Chapter

Negro Soldiers in Modern Times

George Washington Williams

in A History of the Negro Troops in the War of the Rebellion, 1861–1865

Published by Fordham University Press

Published in print May 2012 | ISBN: 9780823233854
Published online September 2012 | e-ISBN: 9780823240807 | DOI: http://dx.doi.org/10.5422/fordham/9780823233854.003.0002

Series: The North's Civil War (FUP)

Negro Soldiers in Modern Times

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It was about fifteen centuries from the time the Negro disappeared from the page of the world's history until his reappearance. In the vast system of militia and “minute-men” that guarded the young colonies in America against the savage depredations of the aborigines, the Negro bore an honorable part. When the American Revolution began, he was alert, and Ministerial and Continental authorities appealed to his courage as a man and his valor as a soldier. The New England colonies had at length accepted the policy of arming Negroes as inevitable. While there were no special engagements of which Negro soldiers bore the brunt, nevertheless they participated in most of the battles of the Revolution. France, under the empire and as a republic, never proscribed the Negro in her laws regulating the army. Britain had employed Negro troops in the army for a century, but on account of dealing with numerous tribes of heathen people, had never commissioned Negroes as officers.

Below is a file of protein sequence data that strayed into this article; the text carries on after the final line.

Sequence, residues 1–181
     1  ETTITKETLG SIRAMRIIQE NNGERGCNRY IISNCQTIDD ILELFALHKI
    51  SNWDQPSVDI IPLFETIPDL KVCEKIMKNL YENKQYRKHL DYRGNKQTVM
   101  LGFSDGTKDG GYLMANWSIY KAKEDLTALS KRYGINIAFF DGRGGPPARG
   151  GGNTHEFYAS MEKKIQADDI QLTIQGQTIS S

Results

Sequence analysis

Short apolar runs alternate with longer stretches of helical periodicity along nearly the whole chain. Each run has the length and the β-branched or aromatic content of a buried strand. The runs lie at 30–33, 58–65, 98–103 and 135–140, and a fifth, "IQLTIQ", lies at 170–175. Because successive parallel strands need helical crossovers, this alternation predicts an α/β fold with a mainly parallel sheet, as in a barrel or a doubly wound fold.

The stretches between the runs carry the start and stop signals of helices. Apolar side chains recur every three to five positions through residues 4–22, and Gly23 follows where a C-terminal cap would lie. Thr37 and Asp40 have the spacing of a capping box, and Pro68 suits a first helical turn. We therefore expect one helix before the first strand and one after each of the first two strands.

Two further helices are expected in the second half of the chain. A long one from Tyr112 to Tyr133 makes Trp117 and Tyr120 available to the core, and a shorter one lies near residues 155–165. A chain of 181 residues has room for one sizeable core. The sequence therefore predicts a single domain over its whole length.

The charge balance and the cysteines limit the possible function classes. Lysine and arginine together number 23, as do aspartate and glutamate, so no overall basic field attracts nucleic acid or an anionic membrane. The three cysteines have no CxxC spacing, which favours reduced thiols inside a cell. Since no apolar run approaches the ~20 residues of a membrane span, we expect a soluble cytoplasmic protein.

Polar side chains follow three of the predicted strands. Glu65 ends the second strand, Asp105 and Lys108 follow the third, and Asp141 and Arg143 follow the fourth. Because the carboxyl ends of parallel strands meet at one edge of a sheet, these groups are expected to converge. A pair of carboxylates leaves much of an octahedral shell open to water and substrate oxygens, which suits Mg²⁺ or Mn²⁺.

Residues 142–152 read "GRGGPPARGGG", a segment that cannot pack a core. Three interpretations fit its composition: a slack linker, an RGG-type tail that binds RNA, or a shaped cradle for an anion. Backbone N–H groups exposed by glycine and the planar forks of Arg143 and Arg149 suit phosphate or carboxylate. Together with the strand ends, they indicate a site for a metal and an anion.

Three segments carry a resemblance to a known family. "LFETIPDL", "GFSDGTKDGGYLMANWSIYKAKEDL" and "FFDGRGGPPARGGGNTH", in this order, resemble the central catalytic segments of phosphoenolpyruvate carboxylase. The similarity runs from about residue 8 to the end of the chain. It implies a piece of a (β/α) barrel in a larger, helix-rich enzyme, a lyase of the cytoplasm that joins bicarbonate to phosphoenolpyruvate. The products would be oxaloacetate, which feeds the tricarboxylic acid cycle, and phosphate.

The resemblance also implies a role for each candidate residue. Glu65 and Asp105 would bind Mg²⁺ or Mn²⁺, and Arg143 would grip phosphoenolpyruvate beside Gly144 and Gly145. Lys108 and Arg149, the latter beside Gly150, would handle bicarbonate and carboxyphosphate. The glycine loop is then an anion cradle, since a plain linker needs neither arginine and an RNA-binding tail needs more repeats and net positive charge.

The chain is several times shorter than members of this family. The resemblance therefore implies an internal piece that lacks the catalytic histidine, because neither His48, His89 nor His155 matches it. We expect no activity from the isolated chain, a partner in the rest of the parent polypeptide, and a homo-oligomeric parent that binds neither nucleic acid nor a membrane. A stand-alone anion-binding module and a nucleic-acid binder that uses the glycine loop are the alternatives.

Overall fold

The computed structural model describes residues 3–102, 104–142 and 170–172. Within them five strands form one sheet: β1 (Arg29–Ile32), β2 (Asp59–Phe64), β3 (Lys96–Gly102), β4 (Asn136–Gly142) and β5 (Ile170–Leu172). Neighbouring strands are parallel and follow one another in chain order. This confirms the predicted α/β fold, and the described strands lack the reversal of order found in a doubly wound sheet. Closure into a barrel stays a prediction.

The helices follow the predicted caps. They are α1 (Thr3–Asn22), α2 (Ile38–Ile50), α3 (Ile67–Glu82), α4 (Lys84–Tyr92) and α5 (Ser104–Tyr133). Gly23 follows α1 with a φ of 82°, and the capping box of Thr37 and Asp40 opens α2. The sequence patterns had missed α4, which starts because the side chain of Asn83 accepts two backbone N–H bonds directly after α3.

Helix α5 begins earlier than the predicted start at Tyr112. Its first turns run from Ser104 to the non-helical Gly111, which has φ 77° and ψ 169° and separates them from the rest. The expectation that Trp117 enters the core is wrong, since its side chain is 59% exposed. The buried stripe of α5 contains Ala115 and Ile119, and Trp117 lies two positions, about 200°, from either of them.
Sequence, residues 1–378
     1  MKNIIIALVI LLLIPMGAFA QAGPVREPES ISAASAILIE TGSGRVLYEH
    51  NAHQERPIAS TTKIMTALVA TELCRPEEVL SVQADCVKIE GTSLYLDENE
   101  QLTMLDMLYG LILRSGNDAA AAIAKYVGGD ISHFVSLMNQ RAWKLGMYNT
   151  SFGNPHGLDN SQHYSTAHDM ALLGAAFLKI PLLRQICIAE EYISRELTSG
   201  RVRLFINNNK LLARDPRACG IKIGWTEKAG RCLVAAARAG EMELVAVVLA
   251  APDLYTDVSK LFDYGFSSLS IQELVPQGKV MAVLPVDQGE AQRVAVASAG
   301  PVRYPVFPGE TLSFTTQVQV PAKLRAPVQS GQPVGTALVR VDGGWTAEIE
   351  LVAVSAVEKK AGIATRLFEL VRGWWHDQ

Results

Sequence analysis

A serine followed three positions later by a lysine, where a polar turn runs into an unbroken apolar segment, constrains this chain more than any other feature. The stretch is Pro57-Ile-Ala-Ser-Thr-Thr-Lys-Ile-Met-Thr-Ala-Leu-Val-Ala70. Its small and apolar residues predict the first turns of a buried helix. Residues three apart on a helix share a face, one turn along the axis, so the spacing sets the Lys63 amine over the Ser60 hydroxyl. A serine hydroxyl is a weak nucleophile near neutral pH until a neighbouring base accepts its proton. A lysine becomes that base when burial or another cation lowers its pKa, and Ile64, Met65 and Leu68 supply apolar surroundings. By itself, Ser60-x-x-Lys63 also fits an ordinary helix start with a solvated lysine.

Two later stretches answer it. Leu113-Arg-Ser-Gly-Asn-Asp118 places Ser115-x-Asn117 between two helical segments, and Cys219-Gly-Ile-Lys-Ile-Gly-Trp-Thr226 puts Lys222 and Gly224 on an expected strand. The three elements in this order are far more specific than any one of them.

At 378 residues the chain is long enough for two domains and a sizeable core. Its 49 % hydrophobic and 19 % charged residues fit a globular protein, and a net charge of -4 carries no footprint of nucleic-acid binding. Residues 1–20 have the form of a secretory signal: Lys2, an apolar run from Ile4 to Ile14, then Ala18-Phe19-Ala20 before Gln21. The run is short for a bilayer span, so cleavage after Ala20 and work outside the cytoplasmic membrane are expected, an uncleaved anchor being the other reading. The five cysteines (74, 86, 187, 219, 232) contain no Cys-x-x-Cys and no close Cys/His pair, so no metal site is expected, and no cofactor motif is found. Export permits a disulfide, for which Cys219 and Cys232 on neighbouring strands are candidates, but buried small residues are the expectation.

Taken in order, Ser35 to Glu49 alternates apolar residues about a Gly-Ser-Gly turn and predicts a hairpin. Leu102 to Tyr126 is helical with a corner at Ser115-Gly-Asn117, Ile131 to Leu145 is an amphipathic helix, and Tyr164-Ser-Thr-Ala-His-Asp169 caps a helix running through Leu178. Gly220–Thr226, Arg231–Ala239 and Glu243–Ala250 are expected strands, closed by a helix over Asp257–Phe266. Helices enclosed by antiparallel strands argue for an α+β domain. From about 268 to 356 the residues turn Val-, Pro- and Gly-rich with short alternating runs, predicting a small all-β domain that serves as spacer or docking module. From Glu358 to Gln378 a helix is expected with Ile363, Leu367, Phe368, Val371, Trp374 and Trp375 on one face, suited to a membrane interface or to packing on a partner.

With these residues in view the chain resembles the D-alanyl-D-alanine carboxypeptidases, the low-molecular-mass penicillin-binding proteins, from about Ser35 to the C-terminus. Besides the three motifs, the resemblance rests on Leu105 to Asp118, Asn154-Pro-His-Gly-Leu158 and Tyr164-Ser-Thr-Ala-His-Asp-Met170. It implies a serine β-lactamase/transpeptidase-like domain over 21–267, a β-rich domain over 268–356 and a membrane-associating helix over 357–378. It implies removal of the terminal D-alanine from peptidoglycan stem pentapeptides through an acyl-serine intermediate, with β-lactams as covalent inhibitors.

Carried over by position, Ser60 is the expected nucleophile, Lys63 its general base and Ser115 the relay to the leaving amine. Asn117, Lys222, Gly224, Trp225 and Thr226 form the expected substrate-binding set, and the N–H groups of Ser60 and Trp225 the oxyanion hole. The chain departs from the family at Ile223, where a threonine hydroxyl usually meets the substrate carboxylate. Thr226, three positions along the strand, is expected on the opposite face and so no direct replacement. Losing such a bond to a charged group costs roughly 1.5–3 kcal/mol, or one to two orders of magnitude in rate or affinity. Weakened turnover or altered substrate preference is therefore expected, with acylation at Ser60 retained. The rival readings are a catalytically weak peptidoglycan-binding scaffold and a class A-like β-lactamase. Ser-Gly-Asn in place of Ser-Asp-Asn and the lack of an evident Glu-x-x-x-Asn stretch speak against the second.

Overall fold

Keywords: Negroes; American Revolution; colonies; New England; Negro soldiers; France; Britain; army; militia

Chapter.  15086 words. 

Subjects: Military History

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